To take a vectorial view of morbidity and mortality shifts perspectives from sites, scapes, and scales to movement, magnitude, and milieu. Rather than spreading inexorably across a two-dimensional plane, as conventional genres of epidemiological cartography often depict them, these movements and magnitudes extend in three-dimensional space; the vectorial is thus inescapably volumetric. The effects of high-rise living on vector-borne diseases constitute but a single aspect of this complex story. Both mosquito-borne and sexually transmitted, the proliferation of Zika virus depends on a wide array of relations forged between a wide range of other biotic and abiotic actors. In a worrying twist on more established mosquito-borne viruses, for instance, the flow of semen and blood have been identified as a potential vector for the transmission of Zika; mosquitoes and mosquito-borne disease are also known to hitch rides between continents on the global trade of used tires.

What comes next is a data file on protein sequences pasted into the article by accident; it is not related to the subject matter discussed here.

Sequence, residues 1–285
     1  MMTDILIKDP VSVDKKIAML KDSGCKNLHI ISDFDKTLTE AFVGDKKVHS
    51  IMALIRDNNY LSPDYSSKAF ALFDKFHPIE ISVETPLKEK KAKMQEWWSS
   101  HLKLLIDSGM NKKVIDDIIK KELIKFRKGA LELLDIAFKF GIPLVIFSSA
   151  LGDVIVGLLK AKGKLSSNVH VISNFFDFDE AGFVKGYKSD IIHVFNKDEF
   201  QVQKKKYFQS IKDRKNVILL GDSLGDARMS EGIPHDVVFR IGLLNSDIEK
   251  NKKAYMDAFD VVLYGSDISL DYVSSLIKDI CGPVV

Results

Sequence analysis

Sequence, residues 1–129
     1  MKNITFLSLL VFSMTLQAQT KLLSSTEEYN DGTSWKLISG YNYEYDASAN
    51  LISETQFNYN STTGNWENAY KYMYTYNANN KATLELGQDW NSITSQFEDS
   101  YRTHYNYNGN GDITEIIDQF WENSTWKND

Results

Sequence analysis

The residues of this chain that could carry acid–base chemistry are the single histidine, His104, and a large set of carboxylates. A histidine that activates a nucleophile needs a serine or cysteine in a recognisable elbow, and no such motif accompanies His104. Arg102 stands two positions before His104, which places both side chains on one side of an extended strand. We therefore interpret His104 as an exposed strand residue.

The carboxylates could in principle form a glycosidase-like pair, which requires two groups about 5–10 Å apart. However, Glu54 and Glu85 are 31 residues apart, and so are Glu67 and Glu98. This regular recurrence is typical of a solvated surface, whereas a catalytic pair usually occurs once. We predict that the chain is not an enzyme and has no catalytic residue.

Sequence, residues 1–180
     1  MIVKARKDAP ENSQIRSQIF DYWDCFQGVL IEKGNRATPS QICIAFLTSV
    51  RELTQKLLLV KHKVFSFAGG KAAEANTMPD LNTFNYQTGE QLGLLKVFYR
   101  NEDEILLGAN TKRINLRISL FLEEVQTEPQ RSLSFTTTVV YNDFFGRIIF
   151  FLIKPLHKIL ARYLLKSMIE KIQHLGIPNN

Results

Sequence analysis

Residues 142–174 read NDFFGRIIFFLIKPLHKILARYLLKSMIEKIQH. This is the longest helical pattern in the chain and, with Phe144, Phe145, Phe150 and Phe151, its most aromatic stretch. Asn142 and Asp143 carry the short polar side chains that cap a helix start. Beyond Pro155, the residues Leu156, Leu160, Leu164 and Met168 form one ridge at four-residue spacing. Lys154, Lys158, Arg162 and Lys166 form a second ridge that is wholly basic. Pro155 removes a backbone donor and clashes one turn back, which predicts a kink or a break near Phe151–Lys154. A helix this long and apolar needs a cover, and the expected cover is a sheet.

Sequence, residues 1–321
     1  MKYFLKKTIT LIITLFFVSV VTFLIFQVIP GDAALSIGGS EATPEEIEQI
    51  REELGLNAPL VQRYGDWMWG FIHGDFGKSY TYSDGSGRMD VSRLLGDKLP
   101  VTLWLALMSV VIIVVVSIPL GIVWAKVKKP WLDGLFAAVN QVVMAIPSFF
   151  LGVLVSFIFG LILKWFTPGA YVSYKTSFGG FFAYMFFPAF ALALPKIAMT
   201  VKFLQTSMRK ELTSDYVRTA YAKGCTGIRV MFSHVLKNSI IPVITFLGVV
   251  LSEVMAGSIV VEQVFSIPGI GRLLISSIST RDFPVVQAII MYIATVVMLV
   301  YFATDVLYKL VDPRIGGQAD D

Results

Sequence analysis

In Miami, the volumetricity of biosocial space is in turn shaped by the broader currents of labor and capital that distinguish the city as a global epicenter of trade, tourism, migration, and investment, as well as a “hotspot” for emerging and re-emerging infectious diseases within both the United States and the Greater Caribbean. In this way, the luxury, high-rise condominiums and apartment blocks that shape the Miami Beach skyline are themselves an artifact of the international flow of investment capital (another “vector”) within an increasingly financialized real estate sector, which together privilege the insulated aspirations of a global elite at the expense of the health and wellbeing of local working classes, many of them migrant service workers. In the shadows of such insulated aspirations, new topologies of value and violence are today taking shape.


McKenna, Maryn. 2016. “Zika’s Accidental Ally: Miami’s Luxury High-Rises,” National Geographic. Accessed January 20, 2019. Available at:
Sloterdijk, Peter. 2011. Bubbles: Spheres Volume I: Microspherology. Translated by Wieland Hoban. Los Angeles: Semiotext(e).
United States Centers for Disease Prevention and Control. 2016. “Transcript for CDC Telebriefing: Zika Virus Update—August 19.” Accessed January 20, 2019. Available at: